The Code of Blog

Chris's Blog Archive: April 2016

That was an interesting month - I got my name in the credits of a film, for one thing. And I brought a track from my upcoming album as a single. How about that?


Today's the day, and I'm super excited: my new single, Out Of It is now available on Bandcamp!

Out Of It

Clicking on the cover above will take you to my Bandcamp page, where you can listen to it for free for a limited number of times, or you can buy it as a high-quality download in a variety of formats including mp3 and FLAC for the astonishingly reasonable price of a single one of your Earth Pounds. Much the better choice, of course.

It was the last track to be recorded for my new album The Blackest Of Dogs, which will be released next Tuesday. I'm really proud of it, particularly the vocals. They were hard - I literally couldn't stand up by the time I'd finished the last take. But I've never been happier with my singing (and if you know me well, you'll know exactly how enthusiastic I normally am about vocals!)

Now begins the work of actually getting people to listen to it. And that's the hard part, the part where every little helps. So if you like it, please blog about it, tweet about it, share it on Facebook, link to it on Tumblr and do all the other fancy Internet stuff that spreads the message these days. Believe me, it will be hugely appreciated.


That's something I can cross off my bucket list: getting my name in the credits of a movie.

Future Shock credits

And not just any old movie, no - this is in Future Shock! The Story of 2000AD and if you're familiar with the comic you'll recognise a fair few of the other names in that list. Saying I'm rather chuffed about this is putting it mildly.

I took photos at some of the 2000AD signing sessions at Forbidden Planet back in the early 80s, and the producers contacted me after seeing them on Flickr. They made it into the final cut of the film, and so I got my name in the end credits. How cool is that?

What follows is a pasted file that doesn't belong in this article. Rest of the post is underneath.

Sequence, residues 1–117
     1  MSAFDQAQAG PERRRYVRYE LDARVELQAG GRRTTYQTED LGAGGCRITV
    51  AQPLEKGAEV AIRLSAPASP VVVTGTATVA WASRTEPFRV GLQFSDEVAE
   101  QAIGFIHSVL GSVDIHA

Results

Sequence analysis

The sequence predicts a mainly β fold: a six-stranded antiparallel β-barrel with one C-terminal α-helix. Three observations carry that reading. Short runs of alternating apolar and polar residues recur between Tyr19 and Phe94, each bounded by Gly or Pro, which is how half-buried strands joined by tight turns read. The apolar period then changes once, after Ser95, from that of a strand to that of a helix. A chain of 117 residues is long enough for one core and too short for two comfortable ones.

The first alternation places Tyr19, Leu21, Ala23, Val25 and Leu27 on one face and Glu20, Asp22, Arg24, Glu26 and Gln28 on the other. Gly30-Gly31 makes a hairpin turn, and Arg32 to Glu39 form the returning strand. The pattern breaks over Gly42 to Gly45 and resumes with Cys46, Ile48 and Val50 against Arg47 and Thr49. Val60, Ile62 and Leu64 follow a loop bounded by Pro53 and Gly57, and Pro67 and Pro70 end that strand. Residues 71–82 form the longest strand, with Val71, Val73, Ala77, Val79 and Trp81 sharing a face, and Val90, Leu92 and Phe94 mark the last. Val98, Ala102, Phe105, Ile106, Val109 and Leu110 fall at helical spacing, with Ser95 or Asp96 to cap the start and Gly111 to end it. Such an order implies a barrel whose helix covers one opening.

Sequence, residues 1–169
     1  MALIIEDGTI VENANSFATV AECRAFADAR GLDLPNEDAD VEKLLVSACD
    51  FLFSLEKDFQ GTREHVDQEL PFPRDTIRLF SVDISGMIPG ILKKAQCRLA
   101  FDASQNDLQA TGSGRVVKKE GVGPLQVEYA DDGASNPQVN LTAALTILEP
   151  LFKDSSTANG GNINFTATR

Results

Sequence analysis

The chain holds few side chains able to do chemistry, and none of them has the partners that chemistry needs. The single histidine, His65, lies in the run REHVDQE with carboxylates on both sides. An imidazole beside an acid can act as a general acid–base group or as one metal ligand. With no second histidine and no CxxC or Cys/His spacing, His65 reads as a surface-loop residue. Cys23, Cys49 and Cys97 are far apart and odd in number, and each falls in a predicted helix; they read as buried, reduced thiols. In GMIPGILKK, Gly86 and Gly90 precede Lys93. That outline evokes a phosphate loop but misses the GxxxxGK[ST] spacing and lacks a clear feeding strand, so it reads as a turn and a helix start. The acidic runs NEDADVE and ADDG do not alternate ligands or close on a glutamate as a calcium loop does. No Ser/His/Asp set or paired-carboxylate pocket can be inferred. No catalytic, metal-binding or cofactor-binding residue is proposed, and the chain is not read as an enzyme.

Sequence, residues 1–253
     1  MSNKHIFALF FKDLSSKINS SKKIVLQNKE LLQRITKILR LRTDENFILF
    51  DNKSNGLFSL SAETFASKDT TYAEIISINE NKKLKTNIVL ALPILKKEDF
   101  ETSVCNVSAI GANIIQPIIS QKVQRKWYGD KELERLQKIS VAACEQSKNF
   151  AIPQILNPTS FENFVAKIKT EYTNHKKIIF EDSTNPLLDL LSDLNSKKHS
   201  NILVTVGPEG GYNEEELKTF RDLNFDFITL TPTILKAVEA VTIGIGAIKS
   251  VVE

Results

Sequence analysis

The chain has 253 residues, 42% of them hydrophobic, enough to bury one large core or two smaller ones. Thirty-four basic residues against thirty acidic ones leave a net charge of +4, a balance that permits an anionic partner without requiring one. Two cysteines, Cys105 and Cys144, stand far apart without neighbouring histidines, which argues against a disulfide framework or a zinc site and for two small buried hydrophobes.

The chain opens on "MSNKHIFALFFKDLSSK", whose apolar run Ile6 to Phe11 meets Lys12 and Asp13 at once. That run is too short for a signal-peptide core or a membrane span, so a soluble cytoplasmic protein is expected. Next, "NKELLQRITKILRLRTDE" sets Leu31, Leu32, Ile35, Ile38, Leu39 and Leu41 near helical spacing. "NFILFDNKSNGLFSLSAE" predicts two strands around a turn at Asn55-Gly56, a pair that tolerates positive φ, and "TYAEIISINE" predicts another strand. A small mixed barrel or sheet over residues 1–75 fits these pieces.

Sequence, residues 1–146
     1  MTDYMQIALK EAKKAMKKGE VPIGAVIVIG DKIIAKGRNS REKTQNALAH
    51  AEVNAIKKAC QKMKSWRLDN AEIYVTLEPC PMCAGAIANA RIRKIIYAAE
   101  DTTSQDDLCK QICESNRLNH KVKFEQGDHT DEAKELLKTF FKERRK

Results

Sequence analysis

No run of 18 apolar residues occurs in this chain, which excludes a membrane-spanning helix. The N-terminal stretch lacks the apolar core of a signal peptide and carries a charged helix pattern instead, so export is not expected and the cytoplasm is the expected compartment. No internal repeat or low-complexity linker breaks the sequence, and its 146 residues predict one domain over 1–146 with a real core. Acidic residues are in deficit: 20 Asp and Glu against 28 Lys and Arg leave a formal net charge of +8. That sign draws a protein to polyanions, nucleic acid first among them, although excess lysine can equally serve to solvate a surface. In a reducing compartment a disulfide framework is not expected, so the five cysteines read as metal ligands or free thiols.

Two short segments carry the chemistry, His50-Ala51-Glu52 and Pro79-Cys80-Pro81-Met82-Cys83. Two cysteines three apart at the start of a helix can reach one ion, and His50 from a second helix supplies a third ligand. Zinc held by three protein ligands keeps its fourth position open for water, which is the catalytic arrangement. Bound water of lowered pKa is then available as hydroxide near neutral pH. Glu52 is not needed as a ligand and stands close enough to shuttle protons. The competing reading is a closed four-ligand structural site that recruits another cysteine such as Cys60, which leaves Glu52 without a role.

For the last couple of days I've been huddled over the multitrack machine putting together the final tracks for a new album, which I'll be releasing on Bandcamp later this month. The album's called The Blackest of Dogs, and it chronicles my experiences over the last three decades with depression. Despite the subject matter it's full of upbeat, rocky numbers and also showcases some of the best guitar playing I've ever recorded. As with my last album, the release will come with copious sleeve notes and bonus tracks. Stay tuned for more details - I'll be announcing the launch here.


Elon Musk's SpaceX company were celebrating yesterday after the first stage of its Falcon rocket flew back and landed itself on the deck of the barge Of Course I Still Love You after launching a Dragon resupply capsule to the International Space Station. Just watching the video gives me goosebumps. The rocket is flying itself - there's no pilot.


There are at least two things going on at the moment that the media in the UK are not allowed to report, or are refraining from reporting and therefore colluding with the people concerned. And no, I am not about to tell you what they are; I may think that such things are wrong, but I'm not stupid - at least, not once I've had my first cup of coffee of the day.

But - and this is a rather significant 'but' - thanks to the World Wide Web it took me less than ninety seconds yesterday to find out what they were and the names of all of the people involved. All I had to do was type a suitable string into a famous search engine and voila: I had the answers.

This seems crazy to me. Free and unfettered web access makes censorship almost impossible. With access to an immense repository of the world's information, people can find out what's going on. The answer to any question you might have about current events is likely to be out there, somewhere. In the age of the Internet, trying to conceal things often has the opposite result to what was intended. This effect even acquired a name that epitomises how ineffective such attempts can end up becoming. But this only holds true if our access to information remains free and unfettered. That freedom is already disappearing - right now, Google withholds some search results as a result of EU requirements. The question is, will this trend be reversed to bring UK law, kicking and screaming, into the 21st century, or will our access to the world's information gradually and quietly be removed? Given the sort of people we've got in charge at the moment, I'm pretty sure I know which solution they'd pick.